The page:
HANOI, Vietnam — President Joe Biden sought to downplay friction with China and insisted he isn’t trying to constrain the country’s rise, even as he spent a weekend in Asia strengthening ties with other countries seen as bulwarks against Chinese economic and military clout.
“I don’t want to contain China,” Biden said at a news conference Sunday, hours after he arrived here in Vietnam’s capital for meetings with the country’s leaders. “I just want to make sure we have a relationship with China that is on the up and up, squared away — everybody knows what it’s all about.
“We’re not looking to hurt China — sincerely,” he added. “We’re all better off if China does well.”
Biden spoke in a part of the world that, in itself, Beijing might view as a provocation. Vietnam shares a border with China, and its leadership has chafed at Beijing’s incursions into the country’s territorial waters. Wary of China’s actions, Vietnam recalibrated its diplomatic ties, and on Sunday it raised the U.S. to the highest tier in its system, on par with China.
“Why on Earth would President Biden go to Vietnam other than it being about China?” said Matthew Turpin, who served as director for China in the National Security Council in the Trump White House.
Biden made the high-profile trip to Vietnam after he attended the G20 summit meeting in India, where he held private talks with his counterpart, Prime Minister Narendra Modi. India, too, has clashed with China in border disputes that have stoked tensions between the two nuclear-armed states.
Chinese President Xi Jinping chose to skip the summit of the world’s wealthy nations, the first he has missed in the 10 years he has held power. Seizing an opening, Biden used the summit to announce ambitious rail and shipping projects that could conceivably compete with the sort of infrastructure investments China has been making in various countries that it has drawn into its orbit.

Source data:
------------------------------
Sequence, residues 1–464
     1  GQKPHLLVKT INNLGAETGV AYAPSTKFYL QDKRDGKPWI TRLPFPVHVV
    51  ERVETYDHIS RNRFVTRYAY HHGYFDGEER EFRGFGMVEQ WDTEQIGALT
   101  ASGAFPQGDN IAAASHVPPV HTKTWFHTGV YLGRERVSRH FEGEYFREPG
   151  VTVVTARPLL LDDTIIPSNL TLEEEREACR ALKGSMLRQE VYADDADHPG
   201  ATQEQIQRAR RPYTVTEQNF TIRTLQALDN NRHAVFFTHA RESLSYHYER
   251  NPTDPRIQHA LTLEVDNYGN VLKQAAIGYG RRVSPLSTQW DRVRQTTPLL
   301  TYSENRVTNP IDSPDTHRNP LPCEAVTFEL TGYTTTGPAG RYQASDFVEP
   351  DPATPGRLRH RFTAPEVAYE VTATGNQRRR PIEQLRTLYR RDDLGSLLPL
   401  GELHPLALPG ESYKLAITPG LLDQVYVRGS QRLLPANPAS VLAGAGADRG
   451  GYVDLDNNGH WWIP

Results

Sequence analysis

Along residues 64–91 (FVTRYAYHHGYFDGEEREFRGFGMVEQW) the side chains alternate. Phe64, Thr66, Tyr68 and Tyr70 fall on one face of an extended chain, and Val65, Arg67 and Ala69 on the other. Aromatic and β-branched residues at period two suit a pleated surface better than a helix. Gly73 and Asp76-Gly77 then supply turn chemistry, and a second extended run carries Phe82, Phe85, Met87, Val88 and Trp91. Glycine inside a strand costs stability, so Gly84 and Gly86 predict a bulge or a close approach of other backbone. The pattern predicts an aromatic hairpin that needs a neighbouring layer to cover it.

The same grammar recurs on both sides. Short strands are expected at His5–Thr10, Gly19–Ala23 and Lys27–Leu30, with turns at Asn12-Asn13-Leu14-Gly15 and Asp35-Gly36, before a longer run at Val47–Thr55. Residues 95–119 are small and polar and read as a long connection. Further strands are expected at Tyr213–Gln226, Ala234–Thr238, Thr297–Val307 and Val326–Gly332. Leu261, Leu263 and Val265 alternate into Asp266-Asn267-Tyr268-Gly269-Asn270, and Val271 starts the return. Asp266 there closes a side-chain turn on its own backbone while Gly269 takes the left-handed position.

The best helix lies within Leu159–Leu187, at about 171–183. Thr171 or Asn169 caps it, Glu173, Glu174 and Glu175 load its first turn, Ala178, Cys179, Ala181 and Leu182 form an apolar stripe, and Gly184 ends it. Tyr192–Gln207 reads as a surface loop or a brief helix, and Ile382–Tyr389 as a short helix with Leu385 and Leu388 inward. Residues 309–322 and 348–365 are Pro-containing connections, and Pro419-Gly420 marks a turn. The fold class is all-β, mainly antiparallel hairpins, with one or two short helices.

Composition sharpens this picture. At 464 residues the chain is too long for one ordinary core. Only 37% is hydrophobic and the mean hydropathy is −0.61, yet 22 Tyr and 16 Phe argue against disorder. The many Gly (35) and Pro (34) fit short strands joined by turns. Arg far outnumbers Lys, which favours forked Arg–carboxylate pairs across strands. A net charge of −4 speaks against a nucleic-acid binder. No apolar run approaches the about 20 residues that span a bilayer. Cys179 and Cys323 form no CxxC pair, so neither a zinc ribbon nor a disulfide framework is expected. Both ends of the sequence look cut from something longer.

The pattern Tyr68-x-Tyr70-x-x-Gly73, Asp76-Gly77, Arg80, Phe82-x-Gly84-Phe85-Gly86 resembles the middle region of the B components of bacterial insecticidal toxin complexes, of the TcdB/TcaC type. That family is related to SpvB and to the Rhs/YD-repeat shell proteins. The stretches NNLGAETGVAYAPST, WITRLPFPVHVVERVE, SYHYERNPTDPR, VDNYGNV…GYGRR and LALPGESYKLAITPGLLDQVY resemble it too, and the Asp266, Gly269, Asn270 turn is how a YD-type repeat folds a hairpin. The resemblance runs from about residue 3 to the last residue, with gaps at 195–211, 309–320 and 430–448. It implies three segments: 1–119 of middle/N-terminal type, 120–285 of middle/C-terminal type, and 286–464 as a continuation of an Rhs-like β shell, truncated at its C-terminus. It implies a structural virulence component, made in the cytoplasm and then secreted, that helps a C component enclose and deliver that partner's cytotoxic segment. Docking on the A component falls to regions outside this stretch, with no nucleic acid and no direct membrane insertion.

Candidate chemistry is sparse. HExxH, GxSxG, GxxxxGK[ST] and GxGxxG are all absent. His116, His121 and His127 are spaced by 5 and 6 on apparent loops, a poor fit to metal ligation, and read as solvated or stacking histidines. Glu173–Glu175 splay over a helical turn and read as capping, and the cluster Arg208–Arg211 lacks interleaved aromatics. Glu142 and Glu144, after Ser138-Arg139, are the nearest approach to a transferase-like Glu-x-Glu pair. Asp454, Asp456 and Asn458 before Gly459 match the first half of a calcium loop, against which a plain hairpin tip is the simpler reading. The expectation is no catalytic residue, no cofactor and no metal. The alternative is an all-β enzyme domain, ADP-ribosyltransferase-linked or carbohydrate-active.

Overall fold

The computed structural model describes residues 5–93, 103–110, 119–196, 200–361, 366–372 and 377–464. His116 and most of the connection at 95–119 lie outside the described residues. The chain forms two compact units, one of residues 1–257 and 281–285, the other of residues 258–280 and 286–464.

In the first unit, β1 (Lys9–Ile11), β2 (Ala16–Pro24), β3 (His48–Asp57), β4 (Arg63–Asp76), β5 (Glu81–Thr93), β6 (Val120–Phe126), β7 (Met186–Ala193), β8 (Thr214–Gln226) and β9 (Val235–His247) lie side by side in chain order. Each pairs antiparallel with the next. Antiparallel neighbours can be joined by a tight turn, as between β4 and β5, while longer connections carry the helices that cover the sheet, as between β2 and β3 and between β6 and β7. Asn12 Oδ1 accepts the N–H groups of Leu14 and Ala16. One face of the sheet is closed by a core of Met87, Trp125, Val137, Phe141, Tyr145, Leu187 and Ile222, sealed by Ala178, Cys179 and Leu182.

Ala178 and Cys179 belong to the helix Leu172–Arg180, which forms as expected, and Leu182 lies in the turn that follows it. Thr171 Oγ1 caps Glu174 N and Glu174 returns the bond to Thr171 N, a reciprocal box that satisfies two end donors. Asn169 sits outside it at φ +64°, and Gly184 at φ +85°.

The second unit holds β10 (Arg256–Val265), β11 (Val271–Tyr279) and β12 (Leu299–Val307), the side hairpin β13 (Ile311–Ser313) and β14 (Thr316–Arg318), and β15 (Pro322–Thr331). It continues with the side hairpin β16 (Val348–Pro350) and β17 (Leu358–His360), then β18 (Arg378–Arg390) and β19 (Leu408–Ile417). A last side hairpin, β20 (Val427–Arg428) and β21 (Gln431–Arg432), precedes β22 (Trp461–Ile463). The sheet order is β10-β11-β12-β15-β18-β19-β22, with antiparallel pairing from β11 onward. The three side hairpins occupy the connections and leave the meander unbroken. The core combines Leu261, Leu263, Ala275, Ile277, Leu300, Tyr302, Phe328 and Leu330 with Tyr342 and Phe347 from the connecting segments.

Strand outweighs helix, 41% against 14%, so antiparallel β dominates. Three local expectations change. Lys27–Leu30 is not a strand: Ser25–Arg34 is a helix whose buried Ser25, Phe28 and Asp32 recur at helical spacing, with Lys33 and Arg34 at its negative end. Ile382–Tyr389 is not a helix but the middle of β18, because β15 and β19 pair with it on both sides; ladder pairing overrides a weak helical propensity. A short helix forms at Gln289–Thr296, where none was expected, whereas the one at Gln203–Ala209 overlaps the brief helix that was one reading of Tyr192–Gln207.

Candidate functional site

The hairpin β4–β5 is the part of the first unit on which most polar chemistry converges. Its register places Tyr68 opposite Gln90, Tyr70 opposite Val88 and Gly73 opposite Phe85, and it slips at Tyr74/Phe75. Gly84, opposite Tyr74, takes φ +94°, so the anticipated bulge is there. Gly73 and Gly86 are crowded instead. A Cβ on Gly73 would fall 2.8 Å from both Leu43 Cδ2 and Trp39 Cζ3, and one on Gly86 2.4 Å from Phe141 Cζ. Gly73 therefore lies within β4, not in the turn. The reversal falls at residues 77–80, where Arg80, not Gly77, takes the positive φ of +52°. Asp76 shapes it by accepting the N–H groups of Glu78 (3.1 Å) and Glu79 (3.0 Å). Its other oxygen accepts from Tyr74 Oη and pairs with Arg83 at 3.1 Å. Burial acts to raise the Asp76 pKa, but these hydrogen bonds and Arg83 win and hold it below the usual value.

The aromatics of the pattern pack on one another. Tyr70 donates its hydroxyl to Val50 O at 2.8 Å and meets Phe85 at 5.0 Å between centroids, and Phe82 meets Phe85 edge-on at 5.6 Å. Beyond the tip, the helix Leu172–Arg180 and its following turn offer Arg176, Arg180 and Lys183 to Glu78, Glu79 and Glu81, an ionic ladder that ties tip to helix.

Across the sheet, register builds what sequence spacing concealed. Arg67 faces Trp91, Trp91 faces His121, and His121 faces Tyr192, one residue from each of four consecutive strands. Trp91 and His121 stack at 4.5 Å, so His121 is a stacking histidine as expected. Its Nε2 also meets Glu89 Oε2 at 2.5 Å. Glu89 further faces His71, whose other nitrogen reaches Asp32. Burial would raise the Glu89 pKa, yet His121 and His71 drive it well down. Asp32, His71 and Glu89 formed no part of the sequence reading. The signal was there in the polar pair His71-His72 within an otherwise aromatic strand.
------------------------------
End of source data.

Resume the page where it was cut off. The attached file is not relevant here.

Biden’s itinerary, stopping in two countries that border China, has unnerved Beijing. Mao Ning of China’s Foreign Affairs Ministry said the U.S. needs to “abandon the Cold War mentality and zero-sum-game mindset.”
Asked directly about that comment, Biden said at the news conference: “I think we think too much in terms of Cold War terms. It’s not about that. It’s about generating economic growth and stability in all parts of the world. And that’s what we’re trying to do.”
As he manages the rivalry with China, Biden has framed his effort to expand partnerships with Asian countries as an attempt to help them prosper and raise living standards.
“It has nothing to do with hurting China or helping China,” Biden said. “It has to do with everything from climate change to making sure these countries can succeed economically and grow.”
Biden’s two-day stop in Vietnam exemplifies the perishability of global alliances. Not long ago in the sweep of history, a presidential visit to Hanoi would have been unimaginable. Saigon’s fall in 1975 ended a war that a succession of U.S. presidents fought in the erroneous belief that Ho Chi Minh’s takeover of the country would topple a crucial domino and thereby spread communism throughout the region.
A half-century later, America’s 46th president sat at a long table in Communist Party headquarters in Hanoi, under the gaze of Ho Chi Minh’s statue.
“Vietnam and the United States are critical partners at what I would argue is a very critical time,” Biden said in his opening remarks.
It seemed from General Secretary Nguyễn Phú Trọng’s comments that he has been following America’s presidential race.
One of Biden’s political vulnerabilities is his age. At 80, he is the oldest president in U.S. history, and polling shows that many voters aren’t convinced he’s up to another four-year term. John Bolton, a national security adviser under Trump, said in an interview that when Biden meets with world leaders, “they probably want to, frankly, look him in the eye and see if he’s going to make it for five more years.”
Trọng was more charitable. In his opening remarks, he told Biden: “You have nary aged a day, and I would say you look even better than before.”
“Every feature of you, Mr. President, is very much complimentary of your image,” he added.
At that, Biden, who is happy to joke about his age, laughed.
CORRECTION (Sept. 12, 2023, 1:47 p.m. ET): This article misattributed a quote about Biden’s trip to Vietnam and India. It was from Matthew Turpin, former China director for the National Security Council in the Trump White House, not Matthew Pottinger, former deputy national security adviser in the Trump White House.